Compared to Facebook, I didn’t think of Twitter as a useful place for discussing mental health issues. This was partly due to the 140 character limit; I couldn’t see the use of tweets for in-depth discussion compared to something like a blog post or video.
However, when I looked through my twitter feed more closely, there was a lot of talk about mental health. Most of the people talking were advocates; either they wanted to start conversations, to support mental health organisations, or start their own campaigns. And most of these advocates were survivors, using their experiences with mental health to show others why researching mental health matters.
Twitter doesn’t have the same kind of scare-headline news stories as Facebook, and there isn’t any research saying it affects people negatively. However, there is some research on responses to individual hashtags. Shepherd et al studied the #DearMentalHealthProfessionals thread, a conversation set up by Amanda O’Connell in August 2013, and found there were four main types of discussion:
- How mental health diagnosis affects people’s identities, and the way diagnosis affected their options for care.
- The power imbalance between service users and professionals.
- The way services offer support and the options they provide for functioning.
- Relationships and communication between staff and patients, and communication within and between services.
Overall, people focused on how important someone’s own lived experiences are, and how much of an impact compassionate staff and professionals can have.
The conversation wasn’t negatively biased or over-critical; some Tweets were critiques of the mental health system in general, and criticism from personal experiences while others were encouragement and support for staff and services users, and gratitude from helpful experiences.
This was just one spontaneous two-day conversation, but people volunteered a lot of useful and in-depth tweets. Based on this, using Twitter for research seems feasible. The #DearMentalHealthProfessionals study didn’t look at any concrete benefits of using Twitter for the people involved, but it does show how easy getting opinions is. It suggests that Twitter could be useful as a hub: instead of holding everyone’s arguments, it could work as the central location where people pool links to resources and arguments.
Unlike Facebook or Tumblr, there are no “are you ok?” warnings on Twitter, and no built-in links to support. If you see someone send a tweet in crisis, the only way to get it noticed is to flag it as “sensitive material”; this might come across more as censorship than support. From my personal experience using Twitter, it wouldn’t be the best choice for someone experiencing a lot of distress, as it would probably feel inaccessible.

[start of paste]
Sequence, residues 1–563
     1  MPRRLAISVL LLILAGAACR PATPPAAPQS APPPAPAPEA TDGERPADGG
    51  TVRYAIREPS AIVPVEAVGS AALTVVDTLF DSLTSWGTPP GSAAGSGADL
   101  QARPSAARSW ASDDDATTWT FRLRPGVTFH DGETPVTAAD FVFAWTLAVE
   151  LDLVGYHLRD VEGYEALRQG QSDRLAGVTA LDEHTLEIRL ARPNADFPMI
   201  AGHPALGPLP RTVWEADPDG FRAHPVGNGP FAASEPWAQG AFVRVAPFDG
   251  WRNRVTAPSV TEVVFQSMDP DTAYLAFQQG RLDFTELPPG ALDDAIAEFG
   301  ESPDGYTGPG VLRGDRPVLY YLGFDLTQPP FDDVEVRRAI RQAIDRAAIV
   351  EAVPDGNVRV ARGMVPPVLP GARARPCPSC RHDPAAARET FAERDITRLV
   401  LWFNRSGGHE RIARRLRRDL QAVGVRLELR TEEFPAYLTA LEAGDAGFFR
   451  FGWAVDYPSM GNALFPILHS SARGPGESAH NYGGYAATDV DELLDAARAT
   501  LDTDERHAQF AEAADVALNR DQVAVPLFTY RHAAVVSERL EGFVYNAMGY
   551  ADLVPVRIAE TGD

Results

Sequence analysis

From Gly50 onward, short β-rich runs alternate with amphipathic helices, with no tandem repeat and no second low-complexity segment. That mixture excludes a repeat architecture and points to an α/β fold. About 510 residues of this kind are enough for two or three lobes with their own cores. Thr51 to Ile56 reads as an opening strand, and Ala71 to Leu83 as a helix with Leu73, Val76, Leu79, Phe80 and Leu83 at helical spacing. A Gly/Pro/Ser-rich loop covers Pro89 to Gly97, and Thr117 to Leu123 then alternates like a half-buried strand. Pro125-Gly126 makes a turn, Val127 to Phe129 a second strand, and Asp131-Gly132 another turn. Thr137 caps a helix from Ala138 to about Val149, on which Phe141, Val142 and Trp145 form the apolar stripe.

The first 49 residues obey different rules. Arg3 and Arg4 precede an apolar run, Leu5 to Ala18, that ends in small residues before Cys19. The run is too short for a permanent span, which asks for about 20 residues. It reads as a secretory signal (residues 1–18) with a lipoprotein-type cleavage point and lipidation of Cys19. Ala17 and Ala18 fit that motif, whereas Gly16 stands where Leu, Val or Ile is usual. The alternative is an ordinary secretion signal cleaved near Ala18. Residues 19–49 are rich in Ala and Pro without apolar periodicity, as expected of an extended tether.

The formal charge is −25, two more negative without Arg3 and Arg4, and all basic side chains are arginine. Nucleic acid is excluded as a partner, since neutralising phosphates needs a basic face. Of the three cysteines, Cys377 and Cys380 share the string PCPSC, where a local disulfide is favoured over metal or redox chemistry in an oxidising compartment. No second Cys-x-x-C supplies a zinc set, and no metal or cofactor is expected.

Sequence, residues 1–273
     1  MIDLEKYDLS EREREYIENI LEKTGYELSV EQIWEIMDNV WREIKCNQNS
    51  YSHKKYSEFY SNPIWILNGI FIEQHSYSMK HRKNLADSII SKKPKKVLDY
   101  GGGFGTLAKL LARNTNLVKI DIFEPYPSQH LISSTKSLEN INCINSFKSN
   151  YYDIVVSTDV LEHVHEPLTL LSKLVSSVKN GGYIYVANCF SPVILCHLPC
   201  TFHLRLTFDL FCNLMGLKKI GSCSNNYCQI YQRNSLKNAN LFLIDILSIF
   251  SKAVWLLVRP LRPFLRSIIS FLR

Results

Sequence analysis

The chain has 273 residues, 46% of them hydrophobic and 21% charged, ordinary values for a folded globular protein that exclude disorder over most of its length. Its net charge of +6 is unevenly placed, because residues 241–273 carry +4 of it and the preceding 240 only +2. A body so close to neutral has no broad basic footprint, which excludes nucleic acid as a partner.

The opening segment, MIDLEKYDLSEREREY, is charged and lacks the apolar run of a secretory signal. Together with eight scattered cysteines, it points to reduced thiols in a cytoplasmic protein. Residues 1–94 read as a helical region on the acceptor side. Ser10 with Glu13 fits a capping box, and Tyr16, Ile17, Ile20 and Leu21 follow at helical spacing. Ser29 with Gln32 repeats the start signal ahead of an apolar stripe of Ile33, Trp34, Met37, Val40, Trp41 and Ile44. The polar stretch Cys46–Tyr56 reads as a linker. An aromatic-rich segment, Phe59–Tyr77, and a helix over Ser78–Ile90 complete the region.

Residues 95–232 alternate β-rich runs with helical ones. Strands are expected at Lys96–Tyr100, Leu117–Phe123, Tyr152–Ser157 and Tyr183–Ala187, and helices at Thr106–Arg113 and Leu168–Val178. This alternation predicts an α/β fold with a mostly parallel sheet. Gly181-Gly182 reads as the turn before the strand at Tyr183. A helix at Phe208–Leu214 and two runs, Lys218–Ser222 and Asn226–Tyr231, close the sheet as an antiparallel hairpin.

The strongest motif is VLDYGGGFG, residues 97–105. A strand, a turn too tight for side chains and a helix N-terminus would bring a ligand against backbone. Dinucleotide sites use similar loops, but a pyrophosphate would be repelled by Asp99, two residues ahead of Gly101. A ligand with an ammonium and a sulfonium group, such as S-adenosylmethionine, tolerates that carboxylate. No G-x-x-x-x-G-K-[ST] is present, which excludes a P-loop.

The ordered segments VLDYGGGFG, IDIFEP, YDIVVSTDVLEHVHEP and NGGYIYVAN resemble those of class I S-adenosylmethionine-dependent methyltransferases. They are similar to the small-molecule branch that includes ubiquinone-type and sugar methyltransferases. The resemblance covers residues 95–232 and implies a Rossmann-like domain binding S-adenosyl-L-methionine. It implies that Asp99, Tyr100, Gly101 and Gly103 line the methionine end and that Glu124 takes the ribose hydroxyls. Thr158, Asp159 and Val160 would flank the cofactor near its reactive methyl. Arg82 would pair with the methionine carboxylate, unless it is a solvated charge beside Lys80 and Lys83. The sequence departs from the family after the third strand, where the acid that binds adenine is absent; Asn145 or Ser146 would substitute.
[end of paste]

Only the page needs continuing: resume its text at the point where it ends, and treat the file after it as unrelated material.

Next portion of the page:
While some mental health organisations, such as SANE, provide links for readers in crisis, there are ways that system could be improved. Many of the links are for making appointments to other services, that may not be available for readers, or may be very confusing for people who have never seen mental health services before. Sharing links to 24/7 resources such as phonelines, and more informal/ welcoming support such online conversations might be more accessible for people in that situation.
As a balance between profession-focused sites like LinkedIn and informal sites like Facebook and Tumblr, Twitter is very useful for charities and organisations. Accounts from organisation staff and fundraisers can show the realities of just how much campaigns are needed, as well as showing the personality of the organisation.
It can also be used for conversations like #DearMentalHealthProfessionals; ideas that open up debates both academic and personal. Conversations between mental health staff and ex-service users could be a way of gaining a lot of information about how things work from “the other side”, in order to teach both people on both sides and people who have no experience with either end. Also, connections between staff in different services and locations may raise awareness of the “postcode lottery” nature of services as well.
P.S.- if you were interested by the #DearMentalHealthProfessionals tag, some similar conversations are;